In New Zealand, majority of beekeeping is about manuka but what this plant actually is? Mānuka (Leptospermum scoparium) is a bush up to 4 meters tall which is native to New Zealand. Leaves are elongated, pointy and evergreen. It flowers in summer (December, January and February). Flowers are white with five petals. Manuka is one of the first plants that grow on abandoned farmland and farmers treat it as a weed, which is normally spraied with herbicides to prevent further spread.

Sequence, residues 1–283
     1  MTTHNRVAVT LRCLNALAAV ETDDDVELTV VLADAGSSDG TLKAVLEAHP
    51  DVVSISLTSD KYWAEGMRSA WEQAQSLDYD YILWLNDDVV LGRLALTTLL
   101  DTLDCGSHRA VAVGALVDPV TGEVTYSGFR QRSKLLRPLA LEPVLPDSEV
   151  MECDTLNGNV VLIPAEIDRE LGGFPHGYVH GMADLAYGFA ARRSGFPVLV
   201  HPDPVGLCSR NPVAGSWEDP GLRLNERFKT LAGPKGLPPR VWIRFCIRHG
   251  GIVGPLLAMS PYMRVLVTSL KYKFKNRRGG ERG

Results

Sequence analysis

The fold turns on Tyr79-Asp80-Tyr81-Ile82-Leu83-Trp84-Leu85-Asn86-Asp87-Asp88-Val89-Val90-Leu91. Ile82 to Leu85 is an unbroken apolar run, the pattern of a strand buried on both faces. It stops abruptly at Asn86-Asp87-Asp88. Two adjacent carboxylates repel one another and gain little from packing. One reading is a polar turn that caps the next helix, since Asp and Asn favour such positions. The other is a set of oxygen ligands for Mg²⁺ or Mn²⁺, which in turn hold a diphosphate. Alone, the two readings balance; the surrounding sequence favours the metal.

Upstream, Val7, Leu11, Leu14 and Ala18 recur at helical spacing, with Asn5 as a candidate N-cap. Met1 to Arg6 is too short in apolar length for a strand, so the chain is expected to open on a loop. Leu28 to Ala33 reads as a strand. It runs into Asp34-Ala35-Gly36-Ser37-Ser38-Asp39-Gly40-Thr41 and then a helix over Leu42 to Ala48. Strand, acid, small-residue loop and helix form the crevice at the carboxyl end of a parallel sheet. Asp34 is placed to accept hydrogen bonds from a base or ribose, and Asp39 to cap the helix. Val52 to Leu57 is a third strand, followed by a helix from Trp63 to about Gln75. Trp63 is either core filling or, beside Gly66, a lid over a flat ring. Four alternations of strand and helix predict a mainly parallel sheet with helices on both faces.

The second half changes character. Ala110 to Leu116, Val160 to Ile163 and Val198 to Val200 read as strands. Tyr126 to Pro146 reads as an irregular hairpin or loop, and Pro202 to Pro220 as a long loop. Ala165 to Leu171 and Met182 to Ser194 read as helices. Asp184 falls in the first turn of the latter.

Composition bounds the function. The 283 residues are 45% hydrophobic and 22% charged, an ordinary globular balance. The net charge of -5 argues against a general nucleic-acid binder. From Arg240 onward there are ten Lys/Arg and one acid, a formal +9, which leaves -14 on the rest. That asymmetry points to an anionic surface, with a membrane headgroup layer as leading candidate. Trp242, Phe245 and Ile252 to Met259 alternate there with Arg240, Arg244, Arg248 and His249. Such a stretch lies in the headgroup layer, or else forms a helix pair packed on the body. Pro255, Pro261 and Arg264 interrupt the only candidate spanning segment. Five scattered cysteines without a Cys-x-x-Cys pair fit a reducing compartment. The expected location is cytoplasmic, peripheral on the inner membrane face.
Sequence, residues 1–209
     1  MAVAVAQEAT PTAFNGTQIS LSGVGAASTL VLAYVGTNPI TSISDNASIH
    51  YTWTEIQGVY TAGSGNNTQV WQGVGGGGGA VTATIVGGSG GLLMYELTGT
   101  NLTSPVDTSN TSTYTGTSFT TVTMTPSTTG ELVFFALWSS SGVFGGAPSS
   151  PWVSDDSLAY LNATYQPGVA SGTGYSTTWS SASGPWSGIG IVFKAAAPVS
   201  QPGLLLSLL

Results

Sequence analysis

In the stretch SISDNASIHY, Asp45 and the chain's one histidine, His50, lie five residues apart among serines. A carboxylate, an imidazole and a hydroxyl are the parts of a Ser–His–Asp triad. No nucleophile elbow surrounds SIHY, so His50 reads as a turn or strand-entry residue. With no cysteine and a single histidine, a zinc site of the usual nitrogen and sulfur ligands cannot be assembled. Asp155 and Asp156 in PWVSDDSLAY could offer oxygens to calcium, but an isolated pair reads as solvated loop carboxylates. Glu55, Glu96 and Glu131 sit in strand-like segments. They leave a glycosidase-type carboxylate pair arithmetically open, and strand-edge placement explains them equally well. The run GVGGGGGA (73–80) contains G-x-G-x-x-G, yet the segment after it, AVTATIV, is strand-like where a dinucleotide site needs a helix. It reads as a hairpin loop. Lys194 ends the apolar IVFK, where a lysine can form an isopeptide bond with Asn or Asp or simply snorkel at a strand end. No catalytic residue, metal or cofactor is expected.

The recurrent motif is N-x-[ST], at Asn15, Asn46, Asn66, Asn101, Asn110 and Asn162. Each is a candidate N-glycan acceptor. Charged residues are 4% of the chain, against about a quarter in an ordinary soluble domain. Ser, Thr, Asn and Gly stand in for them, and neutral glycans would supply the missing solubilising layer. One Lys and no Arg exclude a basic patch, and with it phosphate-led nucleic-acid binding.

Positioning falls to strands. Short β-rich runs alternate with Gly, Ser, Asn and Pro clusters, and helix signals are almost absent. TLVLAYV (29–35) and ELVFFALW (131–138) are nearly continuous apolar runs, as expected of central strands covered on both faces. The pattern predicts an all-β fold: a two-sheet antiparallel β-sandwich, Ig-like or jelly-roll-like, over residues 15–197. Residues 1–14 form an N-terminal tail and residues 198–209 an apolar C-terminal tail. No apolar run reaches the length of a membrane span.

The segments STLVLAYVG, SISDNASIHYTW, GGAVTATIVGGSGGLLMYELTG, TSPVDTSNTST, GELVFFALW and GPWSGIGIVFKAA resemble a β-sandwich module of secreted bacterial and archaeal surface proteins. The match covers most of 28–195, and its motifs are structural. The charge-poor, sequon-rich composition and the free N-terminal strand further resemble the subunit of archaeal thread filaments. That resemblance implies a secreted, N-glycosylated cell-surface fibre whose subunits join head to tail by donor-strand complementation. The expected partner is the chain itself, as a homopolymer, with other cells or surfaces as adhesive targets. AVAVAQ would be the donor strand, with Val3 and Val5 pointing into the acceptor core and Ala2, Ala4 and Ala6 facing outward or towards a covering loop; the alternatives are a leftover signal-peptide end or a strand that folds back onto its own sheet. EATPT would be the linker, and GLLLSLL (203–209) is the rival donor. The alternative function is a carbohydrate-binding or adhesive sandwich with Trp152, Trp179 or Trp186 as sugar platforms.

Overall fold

Not so far ago, manuka honey was not appreciated among costumers due to its strong and specific taste and was sold for a very low price. However its hard wood was used for handles and saw dust, full of essential oils, for smoking the meat. »Manuka madness« started in 2008 when the main antibacterial compound which is responsible for antibiotic properties after elimination of hydrogen peroxide from the honey, was determinated. Methylglyoxal kills also bugs that are resistant to majority of antibiotics like MRSA (methicillin resistant Staphilococcus aureus). Due to high manuka honey prices some beekeepers plant big surfaces with this plant and also New Zealand beekeeping sector enlarged rapidly which lead to problems related to high bee colony density.